Special Features

Commentary by actors Colin Baker, Nicola Bryant, and Kevin McNally
The Star Man: interview with title-sequence designer Sid Sutton
Looking 100 Years Younger: Colin Baker and comedian Amy Larme discuss the Doctor's costumes over the years
Stripped for Action: The Sixth Doctor: Comic-strip retrospective
Breakfast Time: BBC interview with Colin Baker and Nicola Bryant
Blue Peter: Colin Baker interview
Continuity announcements
Photo gallery
Easter egg
Radio Times listings
Production note subtitles

Product Details

  • Actors: Colin Baker, Nicola Bryant, Edwin Richfield
  • Directors: Peter Moffatt
  • Writers: Anthony Steven
  • Producers: John Nathan-Turner
  • Format: Multiple Formats, Color, Subtitled, Full Screen, NTSC
  • Language: English (Dolby Digital 1.0)
  • Subtitles: English
  • Region: Region 1 (U.S. and Canada only. Read more about DVD formats.)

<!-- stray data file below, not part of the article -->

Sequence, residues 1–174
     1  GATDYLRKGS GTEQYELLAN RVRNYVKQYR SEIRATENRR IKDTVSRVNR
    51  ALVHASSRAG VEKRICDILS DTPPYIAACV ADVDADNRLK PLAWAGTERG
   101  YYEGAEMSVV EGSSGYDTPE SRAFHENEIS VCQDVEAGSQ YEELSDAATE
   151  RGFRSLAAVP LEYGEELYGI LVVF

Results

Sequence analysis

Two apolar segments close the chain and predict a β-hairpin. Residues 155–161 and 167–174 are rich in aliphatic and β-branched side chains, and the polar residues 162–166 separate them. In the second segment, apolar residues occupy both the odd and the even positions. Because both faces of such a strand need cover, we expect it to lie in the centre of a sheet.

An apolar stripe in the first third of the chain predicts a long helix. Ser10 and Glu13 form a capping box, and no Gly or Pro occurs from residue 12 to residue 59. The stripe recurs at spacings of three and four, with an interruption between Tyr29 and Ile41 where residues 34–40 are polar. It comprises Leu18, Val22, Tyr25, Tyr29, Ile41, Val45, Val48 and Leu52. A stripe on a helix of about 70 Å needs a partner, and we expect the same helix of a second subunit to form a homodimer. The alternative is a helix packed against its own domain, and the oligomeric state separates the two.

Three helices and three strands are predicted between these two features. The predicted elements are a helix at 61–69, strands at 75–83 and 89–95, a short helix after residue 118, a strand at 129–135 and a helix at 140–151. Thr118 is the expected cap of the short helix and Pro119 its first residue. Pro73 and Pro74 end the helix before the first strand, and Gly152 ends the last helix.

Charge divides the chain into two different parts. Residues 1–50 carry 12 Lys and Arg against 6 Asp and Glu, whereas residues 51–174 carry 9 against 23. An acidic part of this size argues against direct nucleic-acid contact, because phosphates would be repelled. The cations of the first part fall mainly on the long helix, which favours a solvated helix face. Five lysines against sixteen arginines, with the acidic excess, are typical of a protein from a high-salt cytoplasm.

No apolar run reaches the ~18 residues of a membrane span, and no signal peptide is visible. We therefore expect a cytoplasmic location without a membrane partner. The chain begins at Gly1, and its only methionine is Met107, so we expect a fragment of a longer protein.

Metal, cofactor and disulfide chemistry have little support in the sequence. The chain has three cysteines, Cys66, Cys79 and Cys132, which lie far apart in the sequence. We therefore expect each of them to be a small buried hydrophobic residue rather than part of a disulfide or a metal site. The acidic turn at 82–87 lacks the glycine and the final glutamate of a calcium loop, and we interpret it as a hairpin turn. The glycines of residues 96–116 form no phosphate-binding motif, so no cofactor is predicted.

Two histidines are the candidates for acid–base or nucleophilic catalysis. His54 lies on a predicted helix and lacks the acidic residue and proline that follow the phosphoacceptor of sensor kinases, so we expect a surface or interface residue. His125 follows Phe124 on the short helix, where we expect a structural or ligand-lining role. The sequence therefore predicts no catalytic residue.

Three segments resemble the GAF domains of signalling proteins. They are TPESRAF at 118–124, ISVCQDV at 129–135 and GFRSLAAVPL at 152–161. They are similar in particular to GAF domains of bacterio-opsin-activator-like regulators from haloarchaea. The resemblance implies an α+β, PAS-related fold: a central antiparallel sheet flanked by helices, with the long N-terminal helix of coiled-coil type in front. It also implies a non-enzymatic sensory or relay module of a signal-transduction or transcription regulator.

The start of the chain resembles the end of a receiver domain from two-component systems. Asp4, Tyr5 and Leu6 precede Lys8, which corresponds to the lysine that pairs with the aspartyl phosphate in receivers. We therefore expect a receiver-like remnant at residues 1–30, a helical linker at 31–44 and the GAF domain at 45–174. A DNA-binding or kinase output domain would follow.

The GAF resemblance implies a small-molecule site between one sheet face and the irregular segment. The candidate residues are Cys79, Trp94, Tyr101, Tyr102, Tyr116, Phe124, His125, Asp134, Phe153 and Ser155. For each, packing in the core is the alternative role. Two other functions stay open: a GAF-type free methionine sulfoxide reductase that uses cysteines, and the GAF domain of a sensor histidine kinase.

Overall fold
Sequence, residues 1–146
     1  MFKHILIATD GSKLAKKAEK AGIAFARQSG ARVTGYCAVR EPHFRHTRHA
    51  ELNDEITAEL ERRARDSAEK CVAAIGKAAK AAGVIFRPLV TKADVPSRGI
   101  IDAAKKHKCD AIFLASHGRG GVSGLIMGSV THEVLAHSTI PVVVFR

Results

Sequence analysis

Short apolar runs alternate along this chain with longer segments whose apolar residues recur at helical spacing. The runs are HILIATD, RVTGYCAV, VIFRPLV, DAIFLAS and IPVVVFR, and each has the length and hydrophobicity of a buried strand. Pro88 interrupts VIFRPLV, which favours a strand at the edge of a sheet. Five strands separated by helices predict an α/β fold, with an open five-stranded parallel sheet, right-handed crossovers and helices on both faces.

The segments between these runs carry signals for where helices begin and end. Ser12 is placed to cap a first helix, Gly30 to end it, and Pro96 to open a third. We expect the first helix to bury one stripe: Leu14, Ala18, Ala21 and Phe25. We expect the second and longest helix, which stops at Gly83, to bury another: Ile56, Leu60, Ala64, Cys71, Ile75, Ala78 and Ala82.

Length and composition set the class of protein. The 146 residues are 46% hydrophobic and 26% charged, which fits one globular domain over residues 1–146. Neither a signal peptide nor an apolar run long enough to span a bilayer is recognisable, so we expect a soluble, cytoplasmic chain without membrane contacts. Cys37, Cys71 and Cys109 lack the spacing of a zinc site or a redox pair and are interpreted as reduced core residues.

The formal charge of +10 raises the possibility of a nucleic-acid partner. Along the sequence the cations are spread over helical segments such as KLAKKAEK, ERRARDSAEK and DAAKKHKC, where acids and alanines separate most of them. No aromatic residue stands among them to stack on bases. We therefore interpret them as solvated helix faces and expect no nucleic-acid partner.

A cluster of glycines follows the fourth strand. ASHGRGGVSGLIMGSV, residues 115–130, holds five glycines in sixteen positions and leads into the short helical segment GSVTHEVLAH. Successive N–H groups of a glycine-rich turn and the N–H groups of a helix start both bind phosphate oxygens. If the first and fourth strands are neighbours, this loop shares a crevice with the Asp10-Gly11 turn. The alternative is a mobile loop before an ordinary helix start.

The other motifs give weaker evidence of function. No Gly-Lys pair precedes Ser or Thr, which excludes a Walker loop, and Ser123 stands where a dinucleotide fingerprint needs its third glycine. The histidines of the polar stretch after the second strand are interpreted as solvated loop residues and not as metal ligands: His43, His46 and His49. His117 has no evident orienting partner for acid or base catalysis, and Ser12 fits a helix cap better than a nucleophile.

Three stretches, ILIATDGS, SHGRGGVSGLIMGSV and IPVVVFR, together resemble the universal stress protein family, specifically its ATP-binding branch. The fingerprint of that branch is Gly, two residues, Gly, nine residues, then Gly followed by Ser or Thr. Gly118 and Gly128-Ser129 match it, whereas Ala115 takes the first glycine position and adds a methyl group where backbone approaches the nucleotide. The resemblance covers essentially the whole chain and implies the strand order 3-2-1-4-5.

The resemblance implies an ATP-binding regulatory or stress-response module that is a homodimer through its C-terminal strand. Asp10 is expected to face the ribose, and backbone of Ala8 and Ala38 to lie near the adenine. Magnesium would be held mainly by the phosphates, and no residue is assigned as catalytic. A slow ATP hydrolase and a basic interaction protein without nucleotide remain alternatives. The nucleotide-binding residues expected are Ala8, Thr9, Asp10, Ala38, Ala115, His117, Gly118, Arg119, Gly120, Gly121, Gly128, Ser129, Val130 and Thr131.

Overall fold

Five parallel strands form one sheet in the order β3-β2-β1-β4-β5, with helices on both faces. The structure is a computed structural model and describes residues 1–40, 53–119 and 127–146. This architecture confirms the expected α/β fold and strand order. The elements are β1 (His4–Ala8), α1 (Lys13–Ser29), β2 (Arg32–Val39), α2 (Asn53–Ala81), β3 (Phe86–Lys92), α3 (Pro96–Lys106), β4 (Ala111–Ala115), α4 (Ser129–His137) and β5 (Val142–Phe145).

• Aspect Ratio: 1.33:1
  • Number of discs: 1
  • Rated:
    NR
    Not Rated
  • Studio: BBC Home Entertainment
  • DVD Release Date: January 5, 2010
  • Run Time: 101 minutes
  • Average Customer Review: 3.4 out of 5 stars  See all reviews (43 customer reviews)
  • ASIN: B002PHVHKI
  • Amazon Best Sellers Rank: #25,837 in Movies & TV (See Top 100 in Movies & TV)
  • Learn more about "Doctor Who: The Twin Dilemma (Story 137)" on IMDb

Customer Reviews

Top Customer Reviews

By Alan Caylow on October 26, 2009
Format: DVD